The Frente Alimenta project also provides technical support to urban gardens, training for community cooks, and investments in equipment and infrastructure. In 2022, the initiative delivered 29 tons of food to community kitchens, prepared 111,000 meals, distributed 2,000 agroecological baskets, and benefited 6 kitchens and 10 communities. "All of this is done, still, with the aim of not generating or at least reducing waste. Locally produced foods not only eliminate packaging but also absorb a large amount of organic waste in compost production and even materials that are difficult to dispose of, such as wood scraps, which are used to delimit beds," emphasizes the environmentalist.

Furthermore, agricultural production in cities also minimizes the need for long-distance food transportation, reducing carbon footprint and associated waste. However, according to Visoni, without public support, this is difficult to achieve. "It is essential that the public sector supports the growth of agriculture in urban areas. In addition to contributing to the conservation of public spaces and reducing crime, urban agriculture promotes a more vibrant local life and helps contain the uncontrolled expansion of urban sprawl, reducing the demand for transportation."

Urban agriculture not only connects us directly to the origin of food but also aligns perfectly with the principles of the Circular Economy, including the social and personal aspects. "It can generate jobs and income, promote the rebirth of community life, offer free leisure, and improve people's physical and mental health. In addition, it provides practical environmental and nutritional education, strengthens food security, integrates farmers and consumers, and values traditional cultivation knowledge. In a time of social polarization, urban agriculture reminds us of our interconnectedness with nature and the importance of rebuilding bridges between people," concludes Visoni.

vista-superior-doacao-de-alimentos-na-caixa (1).jpg Packaging is part of the circularity equation. It is necessary to think about them. Image: Freepik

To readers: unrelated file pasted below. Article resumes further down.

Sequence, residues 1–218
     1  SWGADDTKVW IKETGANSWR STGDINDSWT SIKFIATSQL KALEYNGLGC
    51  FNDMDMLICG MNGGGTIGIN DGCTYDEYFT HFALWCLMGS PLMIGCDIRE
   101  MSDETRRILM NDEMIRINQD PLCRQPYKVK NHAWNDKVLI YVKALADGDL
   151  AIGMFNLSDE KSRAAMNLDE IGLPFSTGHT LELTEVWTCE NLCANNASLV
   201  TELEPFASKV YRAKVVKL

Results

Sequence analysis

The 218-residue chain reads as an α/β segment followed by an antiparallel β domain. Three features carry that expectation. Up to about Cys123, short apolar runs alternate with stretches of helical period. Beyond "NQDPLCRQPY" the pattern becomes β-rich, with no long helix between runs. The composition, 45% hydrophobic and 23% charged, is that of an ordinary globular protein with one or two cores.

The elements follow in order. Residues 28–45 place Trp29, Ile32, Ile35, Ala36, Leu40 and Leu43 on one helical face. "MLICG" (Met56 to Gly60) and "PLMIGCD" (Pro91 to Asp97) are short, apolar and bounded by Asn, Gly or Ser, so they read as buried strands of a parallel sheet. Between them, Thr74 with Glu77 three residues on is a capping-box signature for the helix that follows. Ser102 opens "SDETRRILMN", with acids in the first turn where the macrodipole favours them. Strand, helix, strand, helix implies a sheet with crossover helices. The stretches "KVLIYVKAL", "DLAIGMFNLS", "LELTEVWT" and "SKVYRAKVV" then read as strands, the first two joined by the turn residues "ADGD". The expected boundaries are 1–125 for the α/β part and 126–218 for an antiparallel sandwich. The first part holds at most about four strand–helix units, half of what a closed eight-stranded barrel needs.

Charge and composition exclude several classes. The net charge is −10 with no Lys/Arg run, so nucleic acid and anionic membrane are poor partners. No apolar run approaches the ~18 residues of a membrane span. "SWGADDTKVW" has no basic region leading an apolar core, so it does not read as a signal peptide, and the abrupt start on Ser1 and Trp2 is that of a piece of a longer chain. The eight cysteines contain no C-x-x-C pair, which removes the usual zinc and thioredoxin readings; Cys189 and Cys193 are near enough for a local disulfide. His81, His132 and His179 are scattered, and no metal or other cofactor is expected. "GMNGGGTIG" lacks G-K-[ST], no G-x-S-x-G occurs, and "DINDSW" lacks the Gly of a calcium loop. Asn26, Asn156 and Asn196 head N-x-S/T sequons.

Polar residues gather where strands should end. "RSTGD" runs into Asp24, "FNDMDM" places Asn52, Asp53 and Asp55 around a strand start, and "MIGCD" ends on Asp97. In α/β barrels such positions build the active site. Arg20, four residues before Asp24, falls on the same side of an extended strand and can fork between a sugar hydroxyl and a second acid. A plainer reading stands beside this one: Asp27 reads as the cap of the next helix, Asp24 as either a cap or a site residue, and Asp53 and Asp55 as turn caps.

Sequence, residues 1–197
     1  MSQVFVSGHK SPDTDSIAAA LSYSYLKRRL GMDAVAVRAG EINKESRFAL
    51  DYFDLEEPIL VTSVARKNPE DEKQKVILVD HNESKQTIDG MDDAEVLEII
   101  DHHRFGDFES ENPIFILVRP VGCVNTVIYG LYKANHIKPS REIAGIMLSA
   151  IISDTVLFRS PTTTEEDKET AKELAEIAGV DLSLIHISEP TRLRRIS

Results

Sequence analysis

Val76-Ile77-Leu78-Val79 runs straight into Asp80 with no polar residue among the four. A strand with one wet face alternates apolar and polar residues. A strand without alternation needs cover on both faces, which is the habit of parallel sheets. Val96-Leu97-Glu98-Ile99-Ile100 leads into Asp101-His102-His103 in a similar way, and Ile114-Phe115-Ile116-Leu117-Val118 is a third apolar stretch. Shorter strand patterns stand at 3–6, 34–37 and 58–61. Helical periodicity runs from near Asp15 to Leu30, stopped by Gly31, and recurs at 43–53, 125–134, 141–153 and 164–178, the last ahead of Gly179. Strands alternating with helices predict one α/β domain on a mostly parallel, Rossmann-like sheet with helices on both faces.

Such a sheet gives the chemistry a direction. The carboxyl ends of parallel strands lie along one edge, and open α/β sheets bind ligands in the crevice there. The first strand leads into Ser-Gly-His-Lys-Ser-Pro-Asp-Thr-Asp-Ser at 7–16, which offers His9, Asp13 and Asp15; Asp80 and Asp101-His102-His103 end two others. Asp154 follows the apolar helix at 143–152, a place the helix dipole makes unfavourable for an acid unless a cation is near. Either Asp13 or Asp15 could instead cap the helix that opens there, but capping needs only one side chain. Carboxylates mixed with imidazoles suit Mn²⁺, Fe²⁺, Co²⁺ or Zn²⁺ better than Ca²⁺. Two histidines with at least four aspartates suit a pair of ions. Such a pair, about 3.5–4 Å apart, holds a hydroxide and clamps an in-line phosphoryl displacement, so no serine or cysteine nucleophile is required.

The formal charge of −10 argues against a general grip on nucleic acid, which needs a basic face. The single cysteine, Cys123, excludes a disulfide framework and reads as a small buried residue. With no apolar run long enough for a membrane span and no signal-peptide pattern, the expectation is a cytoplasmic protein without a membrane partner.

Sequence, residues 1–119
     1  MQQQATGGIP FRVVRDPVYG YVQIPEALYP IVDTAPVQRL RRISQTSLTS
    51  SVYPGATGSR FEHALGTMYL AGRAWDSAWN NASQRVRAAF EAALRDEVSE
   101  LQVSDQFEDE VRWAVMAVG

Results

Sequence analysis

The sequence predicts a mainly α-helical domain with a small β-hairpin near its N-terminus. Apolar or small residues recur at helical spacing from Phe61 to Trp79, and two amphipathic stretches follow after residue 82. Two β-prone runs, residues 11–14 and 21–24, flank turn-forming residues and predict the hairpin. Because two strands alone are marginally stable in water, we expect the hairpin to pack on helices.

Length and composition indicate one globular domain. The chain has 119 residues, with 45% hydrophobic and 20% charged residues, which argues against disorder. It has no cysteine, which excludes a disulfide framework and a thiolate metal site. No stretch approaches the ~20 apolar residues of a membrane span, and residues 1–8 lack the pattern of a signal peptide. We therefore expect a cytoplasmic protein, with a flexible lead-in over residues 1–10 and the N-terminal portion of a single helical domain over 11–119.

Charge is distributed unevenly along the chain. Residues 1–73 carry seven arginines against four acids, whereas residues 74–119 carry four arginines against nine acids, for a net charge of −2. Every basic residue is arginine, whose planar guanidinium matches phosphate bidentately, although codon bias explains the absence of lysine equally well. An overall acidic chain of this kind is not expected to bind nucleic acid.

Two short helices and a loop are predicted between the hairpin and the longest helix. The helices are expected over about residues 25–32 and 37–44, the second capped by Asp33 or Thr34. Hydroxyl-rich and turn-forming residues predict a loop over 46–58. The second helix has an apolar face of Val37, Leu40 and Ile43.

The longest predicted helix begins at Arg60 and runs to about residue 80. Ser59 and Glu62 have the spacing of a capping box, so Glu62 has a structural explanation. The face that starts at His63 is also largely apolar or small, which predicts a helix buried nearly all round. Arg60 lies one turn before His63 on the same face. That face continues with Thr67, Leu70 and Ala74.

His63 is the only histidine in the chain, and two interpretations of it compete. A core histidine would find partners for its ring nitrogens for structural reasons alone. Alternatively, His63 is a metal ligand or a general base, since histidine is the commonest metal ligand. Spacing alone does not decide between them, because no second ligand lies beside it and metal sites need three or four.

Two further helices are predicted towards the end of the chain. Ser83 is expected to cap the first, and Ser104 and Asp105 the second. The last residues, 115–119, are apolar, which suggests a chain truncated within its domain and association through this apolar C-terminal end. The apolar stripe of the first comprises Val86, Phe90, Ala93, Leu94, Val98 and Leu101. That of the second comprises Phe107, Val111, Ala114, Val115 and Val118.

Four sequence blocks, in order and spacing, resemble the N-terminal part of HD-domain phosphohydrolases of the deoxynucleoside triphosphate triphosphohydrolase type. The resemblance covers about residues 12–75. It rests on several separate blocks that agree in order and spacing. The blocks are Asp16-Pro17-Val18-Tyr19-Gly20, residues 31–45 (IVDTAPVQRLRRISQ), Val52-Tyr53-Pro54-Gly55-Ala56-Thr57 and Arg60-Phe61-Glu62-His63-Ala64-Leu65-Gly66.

Circularity in Homes and Packaging

When discussing circular economy in food, we cannot overlook the importance of reducing waste and rethinking the life cycle of food. This includes how we handle waste and packaging. The pursuit of unpackaged foods or those using sustainable packaging, along with waste reduction, are key elements of this equation.

"When we look at our plate of food every day, we should celebrate. It is the result of the work of dozens, hundreds of people in partnership with the environment. Knowing this entire chain, from production to eventual disposal, should make us reflect on ethical issues related to availability, access, and at the same time, all the waste that still exists," comments Edson Grandisoli, the pedagogical coordinator of the Circular Movement.

After all, circularity is not limited to food production but also to what we do with food leftovers and packaging after consumption. Adopting "zero waste" practices in our homes and supporting recycling and packaging reuse initiatives significantly contribute to building a more circular and sustainable economy.

"We can and should make better choices every day. It is a constant learning process in the direction of zero waste production and ensuring access to healthy and quality food for everyone. In other words, a circular food system as a guarantee of environmental quality and a human right," concludes Grandisoli.

Therefore, as we celebrate World Food Day, it is worth reflecting on how our food choices and daily practices can play a fundamental role in promoting circularity, making our relationship with food healthier, more sustainable, and conscious.